Taking the stars
So far away
Everything flows
Here comes another new day
Ah, ah, ah, ah, ah, ah, ah
Into the wind
I throw the night
Silver and gold
Turn into light
I’m on the road
I know the way
Everything flows
Here comes another new day
Alleluia, alle-alle alleluia
Alleluia, alleluia
Alleluia, alle-alle alleluia
Alleluia, alleluia
Ah, ah, ah, ah, ah, ah, ah
Echoes in rain
Drifting in waves
Long journey home
Never too late
Black as a crow
Night comes again
Everything flows
Here comes another new day
Alleluia, alle-alle alleluia
Alleluia, alleluia
Alleluia, alle-alle alleluia
Alleluia, alleluia
Ah, ah, ah, ah, ah, ah, ah, ah
Ah, ah, ah, ah, ah, ah, ah
Alleluia, alle-alle alleluia
Alleluia, alleluia
Alleluia, alle-alle alleluia
Alleluia, alleluia
Alleluia, alle-alle alleluia
Alleluia, alleluia
Alleluia, alle-alle alleluia
Alleluia, alleluia
Ah, ah, ah, ah, ah, ah, ah, ah
Ah, ah, ah, ah, ah, ah, ah, ah
Aah-aah-aah-aah

***

How about you? When you were younger, did you hate to get up in the morning? How do you feel now when the alarm goes off?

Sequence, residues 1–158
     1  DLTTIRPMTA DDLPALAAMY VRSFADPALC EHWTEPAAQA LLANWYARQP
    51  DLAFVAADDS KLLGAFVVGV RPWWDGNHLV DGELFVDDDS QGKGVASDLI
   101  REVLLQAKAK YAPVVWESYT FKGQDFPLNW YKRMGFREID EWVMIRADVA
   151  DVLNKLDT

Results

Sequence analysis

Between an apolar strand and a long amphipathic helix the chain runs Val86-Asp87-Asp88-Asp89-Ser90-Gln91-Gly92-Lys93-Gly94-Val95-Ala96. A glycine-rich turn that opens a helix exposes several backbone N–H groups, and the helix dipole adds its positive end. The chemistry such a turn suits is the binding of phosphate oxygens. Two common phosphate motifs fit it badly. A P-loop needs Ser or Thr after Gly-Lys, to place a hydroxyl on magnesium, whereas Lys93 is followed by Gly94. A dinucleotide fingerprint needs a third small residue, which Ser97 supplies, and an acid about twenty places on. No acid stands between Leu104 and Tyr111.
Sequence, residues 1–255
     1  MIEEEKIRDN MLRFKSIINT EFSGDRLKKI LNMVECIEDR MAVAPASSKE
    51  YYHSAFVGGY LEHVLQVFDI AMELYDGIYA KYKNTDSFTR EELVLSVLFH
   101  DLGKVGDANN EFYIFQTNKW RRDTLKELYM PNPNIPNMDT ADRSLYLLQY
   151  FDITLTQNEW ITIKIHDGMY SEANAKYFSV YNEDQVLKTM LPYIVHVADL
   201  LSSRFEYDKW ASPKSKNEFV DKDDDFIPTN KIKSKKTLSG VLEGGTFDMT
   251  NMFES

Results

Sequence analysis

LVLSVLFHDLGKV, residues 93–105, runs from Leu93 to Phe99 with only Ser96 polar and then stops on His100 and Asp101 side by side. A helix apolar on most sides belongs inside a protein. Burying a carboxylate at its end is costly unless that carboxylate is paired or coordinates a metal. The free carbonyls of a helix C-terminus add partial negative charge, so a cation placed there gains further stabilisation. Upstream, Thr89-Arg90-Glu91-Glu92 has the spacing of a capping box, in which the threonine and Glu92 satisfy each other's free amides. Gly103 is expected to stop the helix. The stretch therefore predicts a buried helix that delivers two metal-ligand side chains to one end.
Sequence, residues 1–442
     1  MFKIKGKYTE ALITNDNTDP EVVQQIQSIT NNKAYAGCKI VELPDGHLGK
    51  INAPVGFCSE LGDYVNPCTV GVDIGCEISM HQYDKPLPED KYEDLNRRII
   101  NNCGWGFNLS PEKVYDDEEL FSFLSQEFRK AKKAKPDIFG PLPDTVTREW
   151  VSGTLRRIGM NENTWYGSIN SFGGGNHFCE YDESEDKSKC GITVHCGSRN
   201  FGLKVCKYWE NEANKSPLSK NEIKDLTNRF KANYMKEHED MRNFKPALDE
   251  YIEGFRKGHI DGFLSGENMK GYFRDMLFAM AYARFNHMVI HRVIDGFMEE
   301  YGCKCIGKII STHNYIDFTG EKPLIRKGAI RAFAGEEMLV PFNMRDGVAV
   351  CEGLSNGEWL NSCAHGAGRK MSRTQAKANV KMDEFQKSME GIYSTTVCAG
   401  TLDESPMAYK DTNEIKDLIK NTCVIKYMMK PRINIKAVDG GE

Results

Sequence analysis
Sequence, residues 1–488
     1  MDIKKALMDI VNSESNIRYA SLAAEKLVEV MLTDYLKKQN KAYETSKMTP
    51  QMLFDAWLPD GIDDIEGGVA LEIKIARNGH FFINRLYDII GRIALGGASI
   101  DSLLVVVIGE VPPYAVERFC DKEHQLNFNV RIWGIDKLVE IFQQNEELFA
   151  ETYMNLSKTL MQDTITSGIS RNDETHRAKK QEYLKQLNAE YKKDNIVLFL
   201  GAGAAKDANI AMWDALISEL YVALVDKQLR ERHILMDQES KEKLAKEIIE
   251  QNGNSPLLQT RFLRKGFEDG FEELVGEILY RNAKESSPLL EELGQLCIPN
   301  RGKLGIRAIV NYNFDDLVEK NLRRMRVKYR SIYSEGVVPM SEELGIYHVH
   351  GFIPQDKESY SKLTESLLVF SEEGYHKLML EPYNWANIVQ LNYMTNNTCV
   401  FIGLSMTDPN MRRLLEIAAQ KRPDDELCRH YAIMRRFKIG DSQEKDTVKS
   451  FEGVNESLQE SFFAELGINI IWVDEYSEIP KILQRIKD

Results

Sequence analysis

New! The Red Dress: A Novel

Copyright July 2019 by DLD Books

Front cover contains: young, dark-haired woman in red dress holding flowers

When Eve went to her high school senior prom, she wore a red dress that her mother had made for her. That night, after dancing with the boy of her dreams, she caught him in the act with her best friend. Months later, Eve, a freshman in college, is bullied into giving the dress to her roommate. After her mother finds out, their relationship is never the same again.

Twenty-five years later, Eve, a bestselling author, is happily married with three children. Although her mother suffers from dementia, she still remembers, and Eve still harbors the guilt for giving the dress away. When she receives a Facebook friend request from her old college roommate and an invitation to her twenty-five-year high school class reunion, then meets her former best friend by chance, she must confront the past in order to face the future.

 

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My Ideal Partner: How I Met, Married, and Cared for the Man I Loved Despite Debilitating Odds

That’s Life: New and Selected Poems

How to Build a Better Mousetrap: Recollections and Reflections of a Family Caregiver

We Shall Overcome: A Novel

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Dream Closet (Fiction)

Monique let herself into David’s apartment with the key she still had, although they broke up the week before. She patted her stomach, as a wave of doubt hit her. Yes, she was doing the right thing, she told herself. David was the father of her child, but he was too down to earth. An accountant who made a lot of money, he would probably expect her to be a stay at home wife and mother.